Governments are well advised to value the fact that competition accelerates innovation and reduces prices. Competitive forces are best to be attenuated rather than throttled by centralist thinking that seeks to constrain the options available to agencies in pursuit of the mirage of ‘whole of government benefits’.

    • @steve,
      “The NSA snooping issues are somewhat overblown I suspect and mainly relate to the free versions of these cloud services.”

      your very delusional if this is what you honestly think – It is across the board. Christ, they spy on foreign governments, they wouldnt bat an eyelid to read some corporate gmail, let alone, another governments email

      What is scarier, is the U.S. Stored Communications Act, a little known act that classifies all data older than 180 days as abandoned, this means it can be accessed at any time, without warrant or just-cause, oversight, or any reason at all. Not even their closest ally, Canada, permits any government dept to host data in the U.S.

      There are extreme privacy concerns with hosting that anywhere offshore, and I’d be horrified if our uninformed pollies allowed this. Most would not be overly aware of the NSA spying, since mainstream media in this country has given it about 12 seconds air time, likely at the direction of the federal government who got the direction from head office (washington) we are afterall hte US’s 51st state (or so THEY think)

      • The Australian government has been supplying data to the NSA directly, not to mention accessing NSA data directly.

        We are closely tied to the NSA Nobby, the Americans aren’t in the spying game alone, we are working hand in hand with them.

        (google: five-eyes)

      • Hmmm … but what to do Nobby6? It still seems to me that this is a problem that can be worked … ideally with on-shore services … but not necessarily.

        You say “There are extreme privacy concerns with hosting that anywhere offshore”. There are also extreme privacy concerns with hosting uncategorised or sensitive data in any ICT environment characterized by systemic under-investment, poor leadership and management, inadequate security protections, out of date and up-patched software, ageing infrastructure, poorly trained staff with low morale and high turnover etc. etc. … so your ‘onshore’ nirvana is not necessarily a safe haven either. The problem is that Queensland is fast running out of options …

        The discussion needs to focus on the actual factual functional, technical and commercial merits of the different sourcing approaches (in-house vs. shared services vs. managed services vs. cloud services). Your NSA concerns may well be valid to some degree, but they are just one facet of the benefit/cost/risk tradeoffs that need to be made.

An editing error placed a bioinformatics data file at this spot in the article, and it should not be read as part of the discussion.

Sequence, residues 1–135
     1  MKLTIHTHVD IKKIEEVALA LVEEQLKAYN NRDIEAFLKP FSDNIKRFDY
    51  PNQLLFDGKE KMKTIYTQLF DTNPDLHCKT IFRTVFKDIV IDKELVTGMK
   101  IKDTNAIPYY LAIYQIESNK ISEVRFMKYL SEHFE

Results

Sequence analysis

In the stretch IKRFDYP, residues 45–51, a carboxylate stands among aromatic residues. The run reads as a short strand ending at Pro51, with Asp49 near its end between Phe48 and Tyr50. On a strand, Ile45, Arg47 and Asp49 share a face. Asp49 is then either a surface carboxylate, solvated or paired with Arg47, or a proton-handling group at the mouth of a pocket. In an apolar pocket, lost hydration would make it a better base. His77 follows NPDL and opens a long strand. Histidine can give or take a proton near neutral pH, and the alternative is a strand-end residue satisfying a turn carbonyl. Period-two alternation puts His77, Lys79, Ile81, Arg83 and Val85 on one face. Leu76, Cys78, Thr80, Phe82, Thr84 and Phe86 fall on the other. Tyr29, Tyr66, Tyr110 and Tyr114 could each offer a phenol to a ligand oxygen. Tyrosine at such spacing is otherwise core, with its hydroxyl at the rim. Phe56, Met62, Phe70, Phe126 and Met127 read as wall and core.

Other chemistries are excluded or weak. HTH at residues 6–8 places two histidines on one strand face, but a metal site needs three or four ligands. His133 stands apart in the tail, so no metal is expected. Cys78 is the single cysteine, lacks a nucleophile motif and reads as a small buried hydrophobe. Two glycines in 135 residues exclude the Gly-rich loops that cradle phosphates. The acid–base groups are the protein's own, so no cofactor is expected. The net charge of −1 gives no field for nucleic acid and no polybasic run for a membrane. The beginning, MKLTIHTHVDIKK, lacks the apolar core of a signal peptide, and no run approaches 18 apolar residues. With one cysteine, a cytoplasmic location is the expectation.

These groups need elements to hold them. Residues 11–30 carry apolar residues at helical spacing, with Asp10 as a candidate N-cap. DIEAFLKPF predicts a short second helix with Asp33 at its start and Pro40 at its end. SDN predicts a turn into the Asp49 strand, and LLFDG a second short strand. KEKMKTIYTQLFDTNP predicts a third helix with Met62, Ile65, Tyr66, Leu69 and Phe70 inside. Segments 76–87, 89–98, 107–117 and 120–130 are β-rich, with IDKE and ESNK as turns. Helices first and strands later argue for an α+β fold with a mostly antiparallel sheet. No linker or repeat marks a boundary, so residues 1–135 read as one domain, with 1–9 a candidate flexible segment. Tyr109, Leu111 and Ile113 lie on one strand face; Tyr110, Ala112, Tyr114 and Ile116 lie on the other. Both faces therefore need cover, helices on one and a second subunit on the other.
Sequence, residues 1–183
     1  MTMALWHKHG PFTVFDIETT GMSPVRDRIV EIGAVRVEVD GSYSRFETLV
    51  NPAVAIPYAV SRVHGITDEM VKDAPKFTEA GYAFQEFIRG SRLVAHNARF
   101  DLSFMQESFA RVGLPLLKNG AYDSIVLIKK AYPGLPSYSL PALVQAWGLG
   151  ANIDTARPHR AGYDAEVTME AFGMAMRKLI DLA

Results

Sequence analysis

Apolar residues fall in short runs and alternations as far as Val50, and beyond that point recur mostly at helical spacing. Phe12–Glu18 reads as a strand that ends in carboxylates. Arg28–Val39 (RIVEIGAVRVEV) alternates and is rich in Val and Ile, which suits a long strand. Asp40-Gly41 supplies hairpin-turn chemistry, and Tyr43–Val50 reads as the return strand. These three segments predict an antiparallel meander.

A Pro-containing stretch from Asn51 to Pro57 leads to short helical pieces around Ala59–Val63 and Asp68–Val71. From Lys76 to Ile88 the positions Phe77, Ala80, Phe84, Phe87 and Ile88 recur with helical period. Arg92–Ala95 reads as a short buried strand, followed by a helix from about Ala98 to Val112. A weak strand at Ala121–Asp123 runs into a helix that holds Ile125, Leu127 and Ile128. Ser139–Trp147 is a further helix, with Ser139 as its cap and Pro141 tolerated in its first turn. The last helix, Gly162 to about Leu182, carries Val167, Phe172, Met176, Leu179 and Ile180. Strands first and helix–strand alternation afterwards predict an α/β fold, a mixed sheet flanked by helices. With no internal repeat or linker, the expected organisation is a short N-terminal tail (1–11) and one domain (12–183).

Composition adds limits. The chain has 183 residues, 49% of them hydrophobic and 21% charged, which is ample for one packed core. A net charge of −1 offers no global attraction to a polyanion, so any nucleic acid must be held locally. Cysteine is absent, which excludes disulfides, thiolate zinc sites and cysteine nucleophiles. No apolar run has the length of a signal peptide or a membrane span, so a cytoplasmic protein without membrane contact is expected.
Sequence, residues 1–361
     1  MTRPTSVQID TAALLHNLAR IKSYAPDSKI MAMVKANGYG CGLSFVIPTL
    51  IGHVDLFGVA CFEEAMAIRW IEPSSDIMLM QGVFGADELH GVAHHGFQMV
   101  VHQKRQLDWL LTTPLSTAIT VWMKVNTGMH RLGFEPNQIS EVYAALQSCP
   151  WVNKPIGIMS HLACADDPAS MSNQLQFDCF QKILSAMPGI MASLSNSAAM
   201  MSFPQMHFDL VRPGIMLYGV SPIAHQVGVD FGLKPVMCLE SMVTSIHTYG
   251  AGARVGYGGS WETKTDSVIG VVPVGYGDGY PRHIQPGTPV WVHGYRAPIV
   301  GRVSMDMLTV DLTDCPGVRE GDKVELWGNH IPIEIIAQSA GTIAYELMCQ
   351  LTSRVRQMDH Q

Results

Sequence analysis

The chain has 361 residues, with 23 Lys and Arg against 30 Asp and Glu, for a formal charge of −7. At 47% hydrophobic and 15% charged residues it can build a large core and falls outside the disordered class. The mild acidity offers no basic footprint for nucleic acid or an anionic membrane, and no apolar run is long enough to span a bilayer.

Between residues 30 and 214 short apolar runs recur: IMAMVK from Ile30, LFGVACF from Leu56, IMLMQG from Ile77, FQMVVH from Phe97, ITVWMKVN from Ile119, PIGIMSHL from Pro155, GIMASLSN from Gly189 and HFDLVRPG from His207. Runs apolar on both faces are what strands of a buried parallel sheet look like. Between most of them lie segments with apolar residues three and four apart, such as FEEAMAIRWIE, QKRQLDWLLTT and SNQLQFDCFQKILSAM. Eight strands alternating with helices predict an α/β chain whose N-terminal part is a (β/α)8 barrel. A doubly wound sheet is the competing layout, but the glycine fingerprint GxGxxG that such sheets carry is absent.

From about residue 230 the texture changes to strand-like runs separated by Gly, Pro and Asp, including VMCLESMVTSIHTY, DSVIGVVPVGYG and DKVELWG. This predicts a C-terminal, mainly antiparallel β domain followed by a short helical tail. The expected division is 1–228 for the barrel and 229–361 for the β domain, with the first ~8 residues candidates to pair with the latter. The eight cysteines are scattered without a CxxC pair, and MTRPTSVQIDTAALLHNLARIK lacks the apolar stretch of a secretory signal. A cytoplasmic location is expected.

Governments need to put their demand on the table to stimulate an industry response that will lead to the establishment of an adequately trustworthy (perhaps on-shore hosted) basis upon which they can buy public cloud services. Agile thinking + cloud services = innovation and productivity.

        • There is the ‘little’ issue of the US Patriot Act, allowing the US govt to seize all data held by US owned companies, without recourse and without having to prove by evidence, any wrongdoing.

          This is why I think if you look deeper, that ASD/DSD have advised Commonwealth agencies to ensure data holdings are kept onshore, or in private clouds.

  5. Well TechnologyOne want’s ‘something’ to show for all the money gifted to the LNP.

    $20,000 worth of donations, for a $20,000,000 contract seems like a damn good deal to me.

    Pity all the other Brisbane/QLD based IT companies, that were NOT greasing the palms of the Liberal Party (aka Ros Bates).

  6. I’ve said it before and it hasn’t been fixed yet in Gmail. Where are the folders? Tags don’t cut it.

      • +1. Tags works much better than folders. But then again, the issue is one of change – someone who is already used to the folder system will find the tag system different and hence too difficult to use.

        On the issue on not using the tender process, everything about the LNP in QLD is about charging forward like a bull (e.g. new laws). They may get it right some times, but one of these days, they will charge right into a china shop, and it will be the next debacle they’ll have to answer for.